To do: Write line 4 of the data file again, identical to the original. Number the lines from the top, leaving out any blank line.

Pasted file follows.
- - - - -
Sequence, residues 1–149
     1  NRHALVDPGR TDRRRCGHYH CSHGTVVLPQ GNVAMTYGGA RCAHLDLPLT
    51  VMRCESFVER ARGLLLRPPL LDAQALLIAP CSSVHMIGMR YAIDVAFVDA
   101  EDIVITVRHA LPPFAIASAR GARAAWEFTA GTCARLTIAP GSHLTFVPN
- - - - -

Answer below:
   101  EDIVITVRHA LPPFAIASAR GARAAWEFTA GTCARLTIAP GSHLTFVPN